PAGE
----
5. Expecting too much too soon. If you are in the process of building a relationship with someone, you will need to build it authentically first before expecting that person to help you. Think of ways to give to your network first; engage on LinkedIn by following their feeds, liking, commenting, or sharing their status or agreeing to introduce them to people they would like to meet. Just because you met someone at a recent event or connected to them on LinkedIn doesn’t mean they are ready to share their contact list with you.
  6. Assuming if someone doesn’t respond right away they never will. During a job search, waiting for someone to respond to an email or a phone call can feel like an eternity. When a response does not come right away many job seekers become anxious or even depressed and take the lack of a response personally. Get used to the fact that you may not be the first thing on your contact’s “to-do” list. Let the initial request to speak sit for a few days before sending a follow up. And in the meantime, try to source others who may be able to help you with your search. Often those initial contacts circle back a week or two later and profusely apologize for not responding to you more promptly.
  7. Assuming the people who know you best will be the most likely to help you. This is rarely the case. It’s unlikely that you will find your next job through your old boss, sibling, or spouse. And you might find that the expectations you have for these people helping you hardly resemble what they are able to do. You are more likely to find your next job through your sister’s friend’s boss’ neighbor than you are from your direct contact. It’s just the nature of networking and the web of contacts. You have to talk to a lot of people to find the one who can ultimately help you.
  8. Thinking LinkedIn job postings are more effective than job boards. While it’s true that LinkedIn shows users who they know at a company where a job is posted, it’s still challenging to land a job this way. Like job boards, positions posted on LinkedIn are part of the open market; the listings that everyone gets to see. When you network you are sourcing leads through what’s called the hidden job market; the positions that are filled word-of-mouth and possibly never listed. Your odds of landing a position are much greater when you are one of a few candidates being considered than when you are one of hundreds being considered.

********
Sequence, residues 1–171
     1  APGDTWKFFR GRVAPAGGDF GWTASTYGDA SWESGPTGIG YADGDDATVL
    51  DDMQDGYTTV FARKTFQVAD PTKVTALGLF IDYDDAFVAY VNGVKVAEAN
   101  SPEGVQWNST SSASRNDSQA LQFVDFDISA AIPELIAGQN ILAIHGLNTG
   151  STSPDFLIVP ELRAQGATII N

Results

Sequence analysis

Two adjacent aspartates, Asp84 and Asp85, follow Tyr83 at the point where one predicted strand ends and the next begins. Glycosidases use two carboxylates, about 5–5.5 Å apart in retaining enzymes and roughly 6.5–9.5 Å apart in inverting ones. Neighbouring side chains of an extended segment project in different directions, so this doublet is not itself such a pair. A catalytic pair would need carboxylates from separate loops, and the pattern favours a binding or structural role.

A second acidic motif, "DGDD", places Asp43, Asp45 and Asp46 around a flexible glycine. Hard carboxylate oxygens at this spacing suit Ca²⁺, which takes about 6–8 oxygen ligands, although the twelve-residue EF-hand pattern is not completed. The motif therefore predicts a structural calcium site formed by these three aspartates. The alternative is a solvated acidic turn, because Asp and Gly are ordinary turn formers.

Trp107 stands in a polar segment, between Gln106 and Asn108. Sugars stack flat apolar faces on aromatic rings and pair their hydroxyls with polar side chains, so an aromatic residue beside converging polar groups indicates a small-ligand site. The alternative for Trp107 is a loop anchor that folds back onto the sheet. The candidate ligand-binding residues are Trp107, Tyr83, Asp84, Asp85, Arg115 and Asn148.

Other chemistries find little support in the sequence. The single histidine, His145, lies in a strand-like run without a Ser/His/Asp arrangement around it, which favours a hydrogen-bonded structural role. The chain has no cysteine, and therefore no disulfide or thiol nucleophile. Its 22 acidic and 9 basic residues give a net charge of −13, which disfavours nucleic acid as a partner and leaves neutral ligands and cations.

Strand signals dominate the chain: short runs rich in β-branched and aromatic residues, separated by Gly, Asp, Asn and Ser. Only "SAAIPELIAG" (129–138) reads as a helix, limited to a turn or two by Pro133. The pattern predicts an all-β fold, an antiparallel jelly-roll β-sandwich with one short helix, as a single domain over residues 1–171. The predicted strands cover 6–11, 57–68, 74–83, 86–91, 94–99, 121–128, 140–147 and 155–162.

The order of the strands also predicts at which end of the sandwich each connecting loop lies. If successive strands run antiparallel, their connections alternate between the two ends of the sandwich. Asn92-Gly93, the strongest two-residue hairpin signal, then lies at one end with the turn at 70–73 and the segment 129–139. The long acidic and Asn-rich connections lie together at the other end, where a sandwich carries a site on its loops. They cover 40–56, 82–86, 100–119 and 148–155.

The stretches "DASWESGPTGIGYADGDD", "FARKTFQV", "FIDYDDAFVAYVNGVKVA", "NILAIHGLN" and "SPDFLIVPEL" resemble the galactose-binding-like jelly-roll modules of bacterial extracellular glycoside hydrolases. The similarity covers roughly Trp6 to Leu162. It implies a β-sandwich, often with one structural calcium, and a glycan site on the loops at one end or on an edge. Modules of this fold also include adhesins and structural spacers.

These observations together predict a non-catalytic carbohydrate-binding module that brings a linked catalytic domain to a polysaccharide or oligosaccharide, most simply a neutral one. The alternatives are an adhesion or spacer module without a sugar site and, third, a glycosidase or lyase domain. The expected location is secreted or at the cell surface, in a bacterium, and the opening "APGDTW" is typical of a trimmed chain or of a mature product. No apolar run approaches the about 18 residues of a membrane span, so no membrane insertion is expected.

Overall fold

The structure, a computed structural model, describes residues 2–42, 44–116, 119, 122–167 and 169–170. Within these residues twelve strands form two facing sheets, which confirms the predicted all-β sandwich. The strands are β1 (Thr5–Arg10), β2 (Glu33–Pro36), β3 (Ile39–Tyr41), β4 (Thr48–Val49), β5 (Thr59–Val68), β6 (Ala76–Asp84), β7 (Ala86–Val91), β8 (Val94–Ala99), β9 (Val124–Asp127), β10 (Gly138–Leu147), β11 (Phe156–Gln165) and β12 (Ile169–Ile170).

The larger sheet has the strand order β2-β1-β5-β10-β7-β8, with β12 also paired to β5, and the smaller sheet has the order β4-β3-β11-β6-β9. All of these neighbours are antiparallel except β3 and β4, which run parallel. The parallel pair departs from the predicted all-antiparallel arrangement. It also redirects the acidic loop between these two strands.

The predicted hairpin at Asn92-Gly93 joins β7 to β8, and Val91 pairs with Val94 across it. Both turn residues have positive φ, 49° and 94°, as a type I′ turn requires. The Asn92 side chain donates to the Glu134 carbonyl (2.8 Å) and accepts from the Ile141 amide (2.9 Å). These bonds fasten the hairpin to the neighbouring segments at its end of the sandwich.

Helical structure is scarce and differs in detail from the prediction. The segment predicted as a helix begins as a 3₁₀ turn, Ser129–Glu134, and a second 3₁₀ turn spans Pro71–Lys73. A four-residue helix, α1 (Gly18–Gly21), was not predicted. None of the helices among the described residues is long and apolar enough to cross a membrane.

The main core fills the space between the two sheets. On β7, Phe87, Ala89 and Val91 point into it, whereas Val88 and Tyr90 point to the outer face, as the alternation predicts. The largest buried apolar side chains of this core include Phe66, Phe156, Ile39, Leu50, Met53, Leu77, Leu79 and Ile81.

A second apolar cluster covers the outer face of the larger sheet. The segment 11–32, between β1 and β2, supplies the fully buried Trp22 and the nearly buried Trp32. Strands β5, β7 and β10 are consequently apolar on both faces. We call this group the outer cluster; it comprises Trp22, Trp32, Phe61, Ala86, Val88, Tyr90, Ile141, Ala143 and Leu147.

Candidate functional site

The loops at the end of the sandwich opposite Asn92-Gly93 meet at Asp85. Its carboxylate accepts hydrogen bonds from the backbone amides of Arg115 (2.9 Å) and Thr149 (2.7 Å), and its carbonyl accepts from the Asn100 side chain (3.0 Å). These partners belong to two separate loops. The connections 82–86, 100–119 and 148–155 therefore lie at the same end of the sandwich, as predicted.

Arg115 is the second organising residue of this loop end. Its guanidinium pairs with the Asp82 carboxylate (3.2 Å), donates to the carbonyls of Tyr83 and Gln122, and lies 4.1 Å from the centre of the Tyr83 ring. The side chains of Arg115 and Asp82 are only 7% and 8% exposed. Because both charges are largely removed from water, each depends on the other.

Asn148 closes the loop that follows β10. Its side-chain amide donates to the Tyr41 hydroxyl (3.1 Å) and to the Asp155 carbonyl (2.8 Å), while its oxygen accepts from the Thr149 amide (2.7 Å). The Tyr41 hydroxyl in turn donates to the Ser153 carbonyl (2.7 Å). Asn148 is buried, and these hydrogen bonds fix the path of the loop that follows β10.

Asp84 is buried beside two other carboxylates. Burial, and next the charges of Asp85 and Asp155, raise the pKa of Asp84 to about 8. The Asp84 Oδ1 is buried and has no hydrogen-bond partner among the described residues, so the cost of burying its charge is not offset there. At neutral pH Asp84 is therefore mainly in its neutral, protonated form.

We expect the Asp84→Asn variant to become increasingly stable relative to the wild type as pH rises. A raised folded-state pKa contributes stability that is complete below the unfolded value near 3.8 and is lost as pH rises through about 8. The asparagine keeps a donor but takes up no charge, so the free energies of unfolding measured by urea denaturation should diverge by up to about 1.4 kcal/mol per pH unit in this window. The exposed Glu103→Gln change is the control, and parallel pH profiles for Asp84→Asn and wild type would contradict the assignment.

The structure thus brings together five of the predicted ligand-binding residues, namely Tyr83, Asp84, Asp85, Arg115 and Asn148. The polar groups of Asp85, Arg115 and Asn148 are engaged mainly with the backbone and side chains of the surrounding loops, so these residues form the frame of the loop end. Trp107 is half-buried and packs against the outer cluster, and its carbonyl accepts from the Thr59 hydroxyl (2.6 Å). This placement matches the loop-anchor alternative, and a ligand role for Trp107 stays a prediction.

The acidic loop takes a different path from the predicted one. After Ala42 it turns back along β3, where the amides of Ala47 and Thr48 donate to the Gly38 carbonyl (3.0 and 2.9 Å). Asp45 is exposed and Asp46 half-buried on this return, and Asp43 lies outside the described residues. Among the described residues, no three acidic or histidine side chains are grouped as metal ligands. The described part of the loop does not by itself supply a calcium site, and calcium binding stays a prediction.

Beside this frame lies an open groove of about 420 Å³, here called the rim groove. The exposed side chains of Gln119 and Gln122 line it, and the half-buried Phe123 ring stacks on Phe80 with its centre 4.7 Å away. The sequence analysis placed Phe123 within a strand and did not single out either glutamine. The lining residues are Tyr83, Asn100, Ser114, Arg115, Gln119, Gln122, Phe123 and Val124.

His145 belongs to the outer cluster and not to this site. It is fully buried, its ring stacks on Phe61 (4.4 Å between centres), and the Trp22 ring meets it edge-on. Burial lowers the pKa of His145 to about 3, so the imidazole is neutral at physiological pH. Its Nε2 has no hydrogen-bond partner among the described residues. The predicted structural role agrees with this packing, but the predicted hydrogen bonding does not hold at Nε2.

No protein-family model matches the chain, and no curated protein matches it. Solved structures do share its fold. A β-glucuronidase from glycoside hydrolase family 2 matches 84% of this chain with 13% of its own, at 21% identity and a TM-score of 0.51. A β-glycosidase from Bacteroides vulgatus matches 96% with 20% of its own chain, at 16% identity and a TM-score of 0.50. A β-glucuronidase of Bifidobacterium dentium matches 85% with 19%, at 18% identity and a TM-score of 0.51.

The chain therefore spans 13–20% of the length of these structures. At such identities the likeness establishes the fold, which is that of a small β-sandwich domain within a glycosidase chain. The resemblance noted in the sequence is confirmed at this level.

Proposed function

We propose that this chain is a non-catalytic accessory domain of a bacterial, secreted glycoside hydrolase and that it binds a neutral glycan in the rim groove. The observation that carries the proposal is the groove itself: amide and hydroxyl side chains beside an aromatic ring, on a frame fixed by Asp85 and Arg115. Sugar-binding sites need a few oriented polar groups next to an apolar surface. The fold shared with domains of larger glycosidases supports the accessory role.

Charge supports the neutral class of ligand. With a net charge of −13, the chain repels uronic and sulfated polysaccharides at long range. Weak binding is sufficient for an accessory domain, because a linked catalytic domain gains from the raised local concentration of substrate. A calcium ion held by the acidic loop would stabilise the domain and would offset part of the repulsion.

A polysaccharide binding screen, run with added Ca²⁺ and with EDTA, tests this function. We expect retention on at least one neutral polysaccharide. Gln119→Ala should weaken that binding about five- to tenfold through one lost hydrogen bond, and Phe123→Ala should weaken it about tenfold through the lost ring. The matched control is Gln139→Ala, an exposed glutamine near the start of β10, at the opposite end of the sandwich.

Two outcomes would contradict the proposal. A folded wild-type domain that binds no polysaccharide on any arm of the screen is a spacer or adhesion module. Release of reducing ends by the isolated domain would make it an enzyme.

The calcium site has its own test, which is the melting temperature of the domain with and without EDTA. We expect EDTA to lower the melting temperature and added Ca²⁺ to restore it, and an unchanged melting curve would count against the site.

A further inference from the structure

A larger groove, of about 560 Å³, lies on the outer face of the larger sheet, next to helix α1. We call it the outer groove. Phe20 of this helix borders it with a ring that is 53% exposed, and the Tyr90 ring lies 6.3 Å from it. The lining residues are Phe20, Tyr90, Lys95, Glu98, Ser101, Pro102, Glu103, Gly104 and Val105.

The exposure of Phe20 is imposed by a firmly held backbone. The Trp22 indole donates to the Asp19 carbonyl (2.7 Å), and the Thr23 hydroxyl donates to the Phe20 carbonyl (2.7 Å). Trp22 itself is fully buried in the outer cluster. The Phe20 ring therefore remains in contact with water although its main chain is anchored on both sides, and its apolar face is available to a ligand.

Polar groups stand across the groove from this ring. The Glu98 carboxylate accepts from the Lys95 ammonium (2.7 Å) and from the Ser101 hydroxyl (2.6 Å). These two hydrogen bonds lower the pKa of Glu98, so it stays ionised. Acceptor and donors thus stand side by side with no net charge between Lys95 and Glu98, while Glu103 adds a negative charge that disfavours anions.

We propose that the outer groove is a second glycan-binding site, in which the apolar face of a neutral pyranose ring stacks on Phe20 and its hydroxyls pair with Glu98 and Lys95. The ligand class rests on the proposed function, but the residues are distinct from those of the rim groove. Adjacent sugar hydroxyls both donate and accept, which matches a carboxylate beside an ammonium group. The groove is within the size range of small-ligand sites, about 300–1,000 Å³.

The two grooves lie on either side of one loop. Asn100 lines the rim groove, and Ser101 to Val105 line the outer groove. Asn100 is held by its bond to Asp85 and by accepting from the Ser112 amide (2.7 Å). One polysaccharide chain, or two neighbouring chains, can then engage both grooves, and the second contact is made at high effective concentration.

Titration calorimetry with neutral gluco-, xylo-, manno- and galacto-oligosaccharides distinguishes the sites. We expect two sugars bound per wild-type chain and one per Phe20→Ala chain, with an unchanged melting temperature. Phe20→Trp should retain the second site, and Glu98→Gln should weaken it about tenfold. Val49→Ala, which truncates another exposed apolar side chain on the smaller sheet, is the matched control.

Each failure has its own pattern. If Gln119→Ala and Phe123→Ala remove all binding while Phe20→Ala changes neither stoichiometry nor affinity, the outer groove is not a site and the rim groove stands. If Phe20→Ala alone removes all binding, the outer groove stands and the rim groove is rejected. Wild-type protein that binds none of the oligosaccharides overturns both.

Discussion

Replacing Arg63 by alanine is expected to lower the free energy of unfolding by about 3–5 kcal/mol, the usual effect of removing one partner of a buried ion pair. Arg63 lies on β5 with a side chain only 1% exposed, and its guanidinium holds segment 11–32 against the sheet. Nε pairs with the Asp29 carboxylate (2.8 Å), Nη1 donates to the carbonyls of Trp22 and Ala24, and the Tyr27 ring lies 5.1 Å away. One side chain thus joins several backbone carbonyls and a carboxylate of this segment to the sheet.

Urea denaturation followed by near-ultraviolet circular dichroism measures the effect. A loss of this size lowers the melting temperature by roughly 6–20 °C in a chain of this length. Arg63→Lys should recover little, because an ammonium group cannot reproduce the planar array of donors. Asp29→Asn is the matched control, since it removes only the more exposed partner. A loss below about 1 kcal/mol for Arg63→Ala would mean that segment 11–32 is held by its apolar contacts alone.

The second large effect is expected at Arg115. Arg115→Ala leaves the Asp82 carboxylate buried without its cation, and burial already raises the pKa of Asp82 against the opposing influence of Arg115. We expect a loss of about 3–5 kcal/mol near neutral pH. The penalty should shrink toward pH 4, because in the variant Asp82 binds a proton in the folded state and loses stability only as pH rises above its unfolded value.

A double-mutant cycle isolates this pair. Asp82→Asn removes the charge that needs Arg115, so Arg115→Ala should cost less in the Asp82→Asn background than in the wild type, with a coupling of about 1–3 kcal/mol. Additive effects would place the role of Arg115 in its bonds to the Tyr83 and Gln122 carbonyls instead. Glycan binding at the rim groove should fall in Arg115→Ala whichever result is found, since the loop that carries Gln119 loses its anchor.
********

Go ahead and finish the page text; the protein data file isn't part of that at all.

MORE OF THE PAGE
9. Assuming only people in your professional network can help you land a job. Many people think that if a person is not in their field they have limited value helping them find a job. Most people use LinkedIn as their primary method for staying in touch with connections. Few explore their Facebook contacts but in fact the people you know on Facebook may be stronger affinities than those you know on LinkedIn. You can search Facebook for people who work at certain companies or hold certain roles much the same way you can on LinkedIn. You may find out that you have friends who have other friends or friends of friends who are connected to the very decision makers you are trying to meet.
  10. Giving up. Networking is a lot of work. There are a lot of dead ends; people who will never return your calls, won’t share contacts, will tell you they will help you but don’t…Job search includes a lot of rejection and requires a thick skin. You will learn a lot about people during a search. You have to kiss a lot of frogs to find the prince. But you will also meet a lot of amazing people, build new friendships, and receive help from people you never expected to be able or willing to help you at all. Keep at it. Job search is a temporary situation. When the process is completed, you will emerge as a stronger, more self-aware, and more empathic person. And hopefully you will be able to “pay it forward” to others who find themselves in a job search down the line.